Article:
A Canonical Action Research Approach to the Effective Diffusion of Information Security with Social Network Analysis

A Canonical Action Research Approach to the Effective Diffusion of Information Security with Social Network Analysis

Duy Dang Pham Thien (RMIT University, Melbourne, Australia), Karlheinz Kautz (RMIT University, Melbourne, Australia), Siddhi Pittayachawan (RMIT University, Melbourne, Australia) and Vince Bruno (RMIT University, Melbourne, Australia)
Copyright: © 2017 |Pages: 22
DOI: 10.4018/IJSS.2017070103


As modern organisations are using strategic information systems as their competitive advantage, the management of information security (IS) is regarded as a top priority. However, technical measures are no longer sufficient for protecting IS, and the prevalence of centralised IS controls and top-down approach in IS management are challenged by the dynamic socio-organisational environment. In this article, a canonical action research (CAR) project discusses the use of social network analysis (SNA) methods to design and implement a cascading IS training/diffusion, which leveraged the social dynamics in the workplace to enhance the IS-related interactions between the employees in a large construction organisation in Southeast Asia. Through the enhanced IS interactions, which involved the employees' provisions of IS resources and IS influence, results indicated an improvement in the employees' attitudes towards IS. The research outcomes advocated the effective use of SNA methods, in combination with the CAR approach, which included the network metrics and means to select the suitable champions for the diffusion of IS, as well as to measure the diffusion effectiveness. Future directions to develop new IS-related network theories and apply SNA methods to study other IS concepts are also discussed.
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The protection and maintenance of information assets has been treated by modern organisations as one of their top priorities, given their increasing reliance on information systems (Bulgurcu, Cavusoglu, Benbasat, Cabusoglu, & Benbasat, 2010; Soomro, Shah, & Ahmed, 2016; Wilson, Turban, & Zviran, 1992). Among the core components of an information security (IS) environment which are the technological measures, the human elements, and the governance of IS (A. Da Veiga & Eloff, 2007; von Solms, 2001; Zafar & Clark, 2009), the employees are considered the most vulnerable (Bulgurcu et al., 2010; Dang-Pham, Pittayachawan, & Bruno, 2017) and therefore deserve great attention.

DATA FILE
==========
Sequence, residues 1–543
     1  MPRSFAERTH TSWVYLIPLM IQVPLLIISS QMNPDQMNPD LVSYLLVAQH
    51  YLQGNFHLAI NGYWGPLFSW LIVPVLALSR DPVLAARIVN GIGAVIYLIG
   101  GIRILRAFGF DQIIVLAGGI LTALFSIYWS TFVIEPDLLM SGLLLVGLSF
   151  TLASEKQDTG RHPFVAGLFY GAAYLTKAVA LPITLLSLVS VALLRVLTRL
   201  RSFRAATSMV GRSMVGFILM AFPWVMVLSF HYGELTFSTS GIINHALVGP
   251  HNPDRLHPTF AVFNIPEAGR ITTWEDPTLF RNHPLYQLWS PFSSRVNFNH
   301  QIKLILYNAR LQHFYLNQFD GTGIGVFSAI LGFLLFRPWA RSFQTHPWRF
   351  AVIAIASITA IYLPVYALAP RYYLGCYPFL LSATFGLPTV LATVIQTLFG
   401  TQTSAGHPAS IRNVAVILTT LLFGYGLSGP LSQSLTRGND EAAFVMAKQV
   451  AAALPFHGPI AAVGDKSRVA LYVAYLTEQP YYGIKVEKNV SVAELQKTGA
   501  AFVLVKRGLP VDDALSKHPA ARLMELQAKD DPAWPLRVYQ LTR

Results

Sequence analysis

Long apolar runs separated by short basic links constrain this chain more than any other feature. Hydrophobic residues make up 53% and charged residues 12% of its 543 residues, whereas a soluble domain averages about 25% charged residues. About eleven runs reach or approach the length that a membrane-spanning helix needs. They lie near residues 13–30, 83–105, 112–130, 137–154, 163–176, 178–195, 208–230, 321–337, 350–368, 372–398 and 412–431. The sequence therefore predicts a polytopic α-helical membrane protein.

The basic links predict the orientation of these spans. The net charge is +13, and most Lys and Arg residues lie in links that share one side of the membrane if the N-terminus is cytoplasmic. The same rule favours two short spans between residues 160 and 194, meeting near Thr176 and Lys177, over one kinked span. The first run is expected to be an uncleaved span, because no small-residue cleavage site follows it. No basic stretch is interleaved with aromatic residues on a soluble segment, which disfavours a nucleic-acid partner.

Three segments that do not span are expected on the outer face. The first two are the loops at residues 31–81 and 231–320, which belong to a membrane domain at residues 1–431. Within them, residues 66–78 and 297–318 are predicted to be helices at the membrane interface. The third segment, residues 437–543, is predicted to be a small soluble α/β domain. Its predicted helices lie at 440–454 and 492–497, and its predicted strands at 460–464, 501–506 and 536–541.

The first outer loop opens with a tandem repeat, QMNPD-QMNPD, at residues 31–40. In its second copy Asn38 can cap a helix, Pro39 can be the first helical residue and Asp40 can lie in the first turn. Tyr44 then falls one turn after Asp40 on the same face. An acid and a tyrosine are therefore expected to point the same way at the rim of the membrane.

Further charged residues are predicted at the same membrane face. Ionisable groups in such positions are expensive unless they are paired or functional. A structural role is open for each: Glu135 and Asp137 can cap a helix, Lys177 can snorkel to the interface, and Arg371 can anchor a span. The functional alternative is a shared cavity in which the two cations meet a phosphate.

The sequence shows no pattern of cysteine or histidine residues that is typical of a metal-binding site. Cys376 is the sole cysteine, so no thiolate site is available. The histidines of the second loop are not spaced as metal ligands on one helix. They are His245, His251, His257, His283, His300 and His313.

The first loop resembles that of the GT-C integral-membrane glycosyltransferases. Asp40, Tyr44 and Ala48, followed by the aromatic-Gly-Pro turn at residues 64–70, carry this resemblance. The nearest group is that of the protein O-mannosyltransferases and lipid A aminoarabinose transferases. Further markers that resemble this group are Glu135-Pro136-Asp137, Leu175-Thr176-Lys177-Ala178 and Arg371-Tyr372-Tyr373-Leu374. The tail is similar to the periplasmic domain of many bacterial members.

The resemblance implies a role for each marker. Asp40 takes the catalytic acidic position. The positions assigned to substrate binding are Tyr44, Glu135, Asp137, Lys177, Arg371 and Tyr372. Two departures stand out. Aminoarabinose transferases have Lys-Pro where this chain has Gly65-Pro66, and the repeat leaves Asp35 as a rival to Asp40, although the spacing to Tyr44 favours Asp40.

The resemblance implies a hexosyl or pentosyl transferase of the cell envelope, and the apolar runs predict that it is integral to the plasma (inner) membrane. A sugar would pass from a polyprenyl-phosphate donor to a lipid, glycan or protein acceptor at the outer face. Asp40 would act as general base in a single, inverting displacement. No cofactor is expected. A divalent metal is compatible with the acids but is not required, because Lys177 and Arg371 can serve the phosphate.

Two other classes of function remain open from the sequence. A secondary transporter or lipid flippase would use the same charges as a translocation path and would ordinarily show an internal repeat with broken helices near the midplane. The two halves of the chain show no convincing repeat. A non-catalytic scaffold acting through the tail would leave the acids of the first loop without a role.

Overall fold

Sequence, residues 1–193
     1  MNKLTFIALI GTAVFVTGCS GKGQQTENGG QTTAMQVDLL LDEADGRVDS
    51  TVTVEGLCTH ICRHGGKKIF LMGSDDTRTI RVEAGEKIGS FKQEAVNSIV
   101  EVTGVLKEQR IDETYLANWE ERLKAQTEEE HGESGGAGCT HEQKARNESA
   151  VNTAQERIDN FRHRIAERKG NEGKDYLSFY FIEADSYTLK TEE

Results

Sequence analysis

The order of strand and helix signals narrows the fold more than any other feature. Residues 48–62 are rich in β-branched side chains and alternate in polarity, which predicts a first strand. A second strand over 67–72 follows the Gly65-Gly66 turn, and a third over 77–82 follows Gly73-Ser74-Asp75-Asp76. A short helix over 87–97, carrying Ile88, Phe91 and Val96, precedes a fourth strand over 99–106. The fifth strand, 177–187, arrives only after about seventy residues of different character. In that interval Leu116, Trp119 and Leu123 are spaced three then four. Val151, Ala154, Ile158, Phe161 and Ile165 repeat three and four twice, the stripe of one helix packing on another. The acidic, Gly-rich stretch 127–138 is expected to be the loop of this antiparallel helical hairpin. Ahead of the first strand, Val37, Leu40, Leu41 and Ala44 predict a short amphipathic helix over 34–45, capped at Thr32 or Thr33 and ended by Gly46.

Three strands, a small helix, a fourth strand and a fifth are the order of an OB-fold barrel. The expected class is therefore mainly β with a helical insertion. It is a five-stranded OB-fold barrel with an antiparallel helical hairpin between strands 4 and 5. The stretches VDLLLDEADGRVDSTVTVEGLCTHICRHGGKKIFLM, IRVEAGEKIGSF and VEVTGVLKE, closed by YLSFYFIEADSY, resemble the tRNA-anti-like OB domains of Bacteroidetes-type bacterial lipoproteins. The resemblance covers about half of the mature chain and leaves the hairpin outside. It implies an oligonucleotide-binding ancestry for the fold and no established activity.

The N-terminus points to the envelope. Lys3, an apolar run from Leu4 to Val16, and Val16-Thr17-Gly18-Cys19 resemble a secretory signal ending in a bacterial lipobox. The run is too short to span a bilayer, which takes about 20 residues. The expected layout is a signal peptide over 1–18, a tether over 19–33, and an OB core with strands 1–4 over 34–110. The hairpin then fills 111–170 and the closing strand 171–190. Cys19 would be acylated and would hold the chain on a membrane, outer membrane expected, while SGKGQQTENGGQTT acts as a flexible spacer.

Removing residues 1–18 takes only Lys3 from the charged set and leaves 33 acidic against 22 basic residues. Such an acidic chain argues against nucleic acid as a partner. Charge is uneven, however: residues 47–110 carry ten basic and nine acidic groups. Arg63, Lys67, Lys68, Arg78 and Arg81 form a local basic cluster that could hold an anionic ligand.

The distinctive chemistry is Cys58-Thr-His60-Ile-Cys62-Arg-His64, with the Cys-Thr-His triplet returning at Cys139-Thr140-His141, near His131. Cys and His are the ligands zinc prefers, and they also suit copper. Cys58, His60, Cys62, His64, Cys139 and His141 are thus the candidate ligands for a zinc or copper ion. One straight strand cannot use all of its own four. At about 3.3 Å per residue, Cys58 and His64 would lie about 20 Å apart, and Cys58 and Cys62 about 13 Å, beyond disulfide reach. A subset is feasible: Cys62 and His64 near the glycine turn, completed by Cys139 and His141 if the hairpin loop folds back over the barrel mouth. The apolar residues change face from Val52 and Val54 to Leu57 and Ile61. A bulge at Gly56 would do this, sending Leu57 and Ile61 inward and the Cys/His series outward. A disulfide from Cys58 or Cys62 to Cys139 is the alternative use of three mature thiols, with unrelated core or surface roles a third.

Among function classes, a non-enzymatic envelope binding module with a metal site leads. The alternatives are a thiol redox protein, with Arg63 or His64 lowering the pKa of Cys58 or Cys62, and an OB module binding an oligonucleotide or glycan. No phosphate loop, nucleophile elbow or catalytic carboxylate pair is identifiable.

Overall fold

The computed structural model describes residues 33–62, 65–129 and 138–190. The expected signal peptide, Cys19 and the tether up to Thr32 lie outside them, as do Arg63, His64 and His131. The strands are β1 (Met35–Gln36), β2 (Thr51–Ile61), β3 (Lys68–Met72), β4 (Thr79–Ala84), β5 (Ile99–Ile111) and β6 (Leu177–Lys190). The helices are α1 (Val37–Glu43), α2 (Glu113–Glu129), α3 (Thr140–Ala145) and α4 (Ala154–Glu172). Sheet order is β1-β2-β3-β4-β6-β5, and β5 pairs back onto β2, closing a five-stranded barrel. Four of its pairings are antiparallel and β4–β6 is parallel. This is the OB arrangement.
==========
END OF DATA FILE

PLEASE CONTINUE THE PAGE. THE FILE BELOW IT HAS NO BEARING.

Prior literature has examined topics related to employees’ IS such as compliant perceptions and behaviours (Padayachee, 2012; Sommestad, Hallberg, Lundholm, & Bengtsson, 2014). A combination of the employees’ actual IS compliance, favourable attitude, and IS knowledge are reflective of a desirable IS culture that would prevent the occurrence of threats (Adéle Da Veiga & Martins, 2015). A well-maintained and favourable IS attitude of the employees is especially important as such attitude ensures compliant and vigilant behaviours within the workplace (Bulgurcu et al., 2010; Siponen, Mahmood, & Pahnila, 2014; Sommestad et al., 2014).

In line with the efforts to improve and maintain employees’ desirable attitudes towards IS, it was recognised that organisations can no longer solely rely on technical protection (Bulgurcu et al., 2010). Recent researches also argued that the “command-and-control” model for IS management and the un-contextualised, centrally designed IS controls had many disadvantages, such as the lack of trust and collaboration among organisations’ IS authorities and employees which can lead to non-compliance and IS workarounds (Dang-Pham et al., 2017; Kirlappos, Beautement, & Sasse, 2013; Kolkowska, Karlsson, & Hedström, 2016). These shortcomings demand innovative approaches that can be contextualised for the unique work settings and can facilitate interactions between organisational members, to develop an IS-conscious workplace where voluntary IS compliance is mutually encouraged and self-regulated among employees. Consequently, the development of such innovative approaches would require a paradigm shift in the behavioural IS field, which changes the current focus on the unique IS-related perspectives of each employee to the social dynamics between employees in the work environments.

IS research has been traditionally investigating IS attitude and related concepts in the form of the employees’ individualistic characteristics, while overlooking the interactions and relationships in the workplace that contribute to the shaping of those characteristics (Dang-Pham et al., 2017). Interestingly, there was an increasing number of recent studies that place emphasis on the employees’ relational behaviours, such as exchanges of IS advice, IS learning, and IS influence (Dang-Pham et al., 2017; Rocha Flores, Antonsen, & Ekstedt, 2014; Safa, Solms, & Von Solms, 2016; Warkentin, Johnston, & Shropshire, 2011; Willison & Warkentin, 2013). Among these emerging studies, Dang-Pham et al. (2016) applied social network analysis (SNA) to analyse the exchanges of IS advice and troubleshooting among employees, which revealed various structural patterns and features of the IS-related networks., The adoption of SNA methods represents a paradigm shift, which sets emphasis on the employees’ interactions as the main unit of analysis rather than their individual characteristics.

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